A Collaborative Series with the University of Oxford
In 2018, we began working on a collaborative project with the University of Oxford. Its aim was to release a 10-part series of lectures in virtual reality. These lectures would represent the diversity of studies at Oxford University. The series would be available to the public as free online introductory courses (MOOCs) on the ENGAGE platform. We were thrilled when the opportunity to collaborate with the University of Oxford arose. With over 900 years of educational experience, Oxford University is recognized for its remarkable course diversity and its ability to rapidly change which allows the university to stay globally competitive. It is this commitment to advancement that led us to this virtual lecture series.
The Future: Immersive Lectures
Our ultimate goal for the ENGAGE platform is to change how educational content is delivered globally. In today’s world of technology, sitting in a classroom doesn’t make sense anymore when you can actively be immersed and experience. This goal combines with the University of Oxford’s commitment to adjusting to the future. Virtual reality has the power to transform the future of education. The benefits of VR in education and training are now being discovered. It is well-known humans learn by interacting. They derive and retain information from their environment. Virtual reality-based learning provides an immersive teaching method that allows users to interact with the environments around them. Memory retention increases when learning through experience. It allows students to experience abstract concepts, opening up many possibilities that did not previously exist.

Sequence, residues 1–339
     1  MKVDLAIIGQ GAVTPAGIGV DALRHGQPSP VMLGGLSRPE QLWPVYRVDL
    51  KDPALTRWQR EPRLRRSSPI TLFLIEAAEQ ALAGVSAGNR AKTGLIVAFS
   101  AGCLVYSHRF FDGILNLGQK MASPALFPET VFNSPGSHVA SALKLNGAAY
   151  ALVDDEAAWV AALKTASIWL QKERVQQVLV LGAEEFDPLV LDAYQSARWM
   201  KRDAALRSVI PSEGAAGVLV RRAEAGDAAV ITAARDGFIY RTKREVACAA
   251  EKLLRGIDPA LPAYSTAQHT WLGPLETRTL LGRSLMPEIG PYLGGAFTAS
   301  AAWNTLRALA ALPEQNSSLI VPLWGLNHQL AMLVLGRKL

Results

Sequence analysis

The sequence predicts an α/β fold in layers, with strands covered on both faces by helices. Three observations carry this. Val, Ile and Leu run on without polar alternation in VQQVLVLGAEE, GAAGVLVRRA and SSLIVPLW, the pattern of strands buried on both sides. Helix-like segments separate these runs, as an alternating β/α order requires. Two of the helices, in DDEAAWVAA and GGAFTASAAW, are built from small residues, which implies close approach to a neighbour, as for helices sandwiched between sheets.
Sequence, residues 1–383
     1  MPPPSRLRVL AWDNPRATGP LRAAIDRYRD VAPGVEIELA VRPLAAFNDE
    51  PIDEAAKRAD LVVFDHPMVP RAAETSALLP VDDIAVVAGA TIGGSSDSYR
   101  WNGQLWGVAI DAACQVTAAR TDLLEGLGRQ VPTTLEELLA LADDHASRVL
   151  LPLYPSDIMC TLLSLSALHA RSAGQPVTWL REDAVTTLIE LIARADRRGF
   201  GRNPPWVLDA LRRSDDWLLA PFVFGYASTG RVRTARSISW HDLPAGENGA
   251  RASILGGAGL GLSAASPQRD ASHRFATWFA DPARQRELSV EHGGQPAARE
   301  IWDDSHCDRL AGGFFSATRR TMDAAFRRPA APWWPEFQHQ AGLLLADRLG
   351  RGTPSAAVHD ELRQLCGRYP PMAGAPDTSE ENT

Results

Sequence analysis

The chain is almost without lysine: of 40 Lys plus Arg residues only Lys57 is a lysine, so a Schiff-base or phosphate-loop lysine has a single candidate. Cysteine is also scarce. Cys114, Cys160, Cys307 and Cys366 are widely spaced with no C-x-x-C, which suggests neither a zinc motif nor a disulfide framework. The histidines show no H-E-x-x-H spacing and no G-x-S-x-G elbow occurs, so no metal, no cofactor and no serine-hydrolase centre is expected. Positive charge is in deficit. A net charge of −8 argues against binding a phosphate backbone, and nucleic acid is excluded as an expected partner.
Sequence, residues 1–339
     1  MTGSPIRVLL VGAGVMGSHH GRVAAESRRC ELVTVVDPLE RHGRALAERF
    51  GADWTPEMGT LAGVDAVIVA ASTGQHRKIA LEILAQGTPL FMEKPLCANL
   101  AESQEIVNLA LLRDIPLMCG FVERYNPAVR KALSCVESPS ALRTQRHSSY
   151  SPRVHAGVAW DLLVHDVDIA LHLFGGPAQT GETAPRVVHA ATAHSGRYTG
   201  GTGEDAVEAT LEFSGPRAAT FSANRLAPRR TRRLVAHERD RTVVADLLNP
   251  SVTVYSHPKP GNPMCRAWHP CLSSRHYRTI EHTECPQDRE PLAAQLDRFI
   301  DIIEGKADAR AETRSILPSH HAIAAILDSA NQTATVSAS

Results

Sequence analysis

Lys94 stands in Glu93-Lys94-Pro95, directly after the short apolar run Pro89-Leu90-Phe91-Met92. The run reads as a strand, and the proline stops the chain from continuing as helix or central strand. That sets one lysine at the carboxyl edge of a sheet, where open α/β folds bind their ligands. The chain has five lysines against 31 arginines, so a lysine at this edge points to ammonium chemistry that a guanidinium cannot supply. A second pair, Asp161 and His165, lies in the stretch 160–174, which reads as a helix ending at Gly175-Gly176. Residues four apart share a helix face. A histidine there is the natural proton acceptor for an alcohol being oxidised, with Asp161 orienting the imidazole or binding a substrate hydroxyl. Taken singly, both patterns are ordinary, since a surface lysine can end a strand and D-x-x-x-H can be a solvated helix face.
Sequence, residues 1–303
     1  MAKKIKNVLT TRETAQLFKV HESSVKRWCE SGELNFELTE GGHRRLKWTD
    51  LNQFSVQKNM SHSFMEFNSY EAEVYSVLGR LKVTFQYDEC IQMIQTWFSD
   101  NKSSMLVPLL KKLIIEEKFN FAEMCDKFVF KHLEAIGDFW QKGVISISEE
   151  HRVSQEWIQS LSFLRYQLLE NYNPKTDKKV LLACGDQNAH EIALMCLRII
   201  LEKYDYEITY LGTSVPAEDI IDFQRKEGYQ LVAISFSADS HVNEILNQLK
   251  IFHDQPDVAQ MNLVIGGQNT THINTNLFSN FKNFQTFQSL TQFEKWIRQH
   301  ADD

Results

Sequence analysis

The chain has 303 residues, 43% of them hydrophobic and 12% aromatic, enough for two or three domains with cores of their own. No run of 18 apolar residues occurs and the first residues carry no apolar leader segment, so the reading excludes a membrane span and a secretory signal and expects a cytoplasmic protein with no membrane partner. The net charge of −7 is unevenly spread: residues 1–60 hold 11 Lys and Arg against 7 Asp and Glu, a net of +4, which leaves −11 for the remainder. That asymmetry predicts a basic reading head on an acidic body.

The first lecture, Radiotherapy 101 does just that. Martin Christlieb, from the Department of Oncology at Oxford University, can show us through immersive effects how the use of x-rays can target the tumors. Originally we would have learned this through flat 2D diagrams, but through VR we can see how these effects make this more memorable, thus producing a better understanding of the research.
Martin Christlieb works in the Department of Oncology at the University of Oxford. This department is responsible for doing cancer research and focuses specifically on radiotherapy treatment to cure different cancers. This 20-minute lecture gives a brief overview of the application of x-rays and other forms of radiation to cure cancer.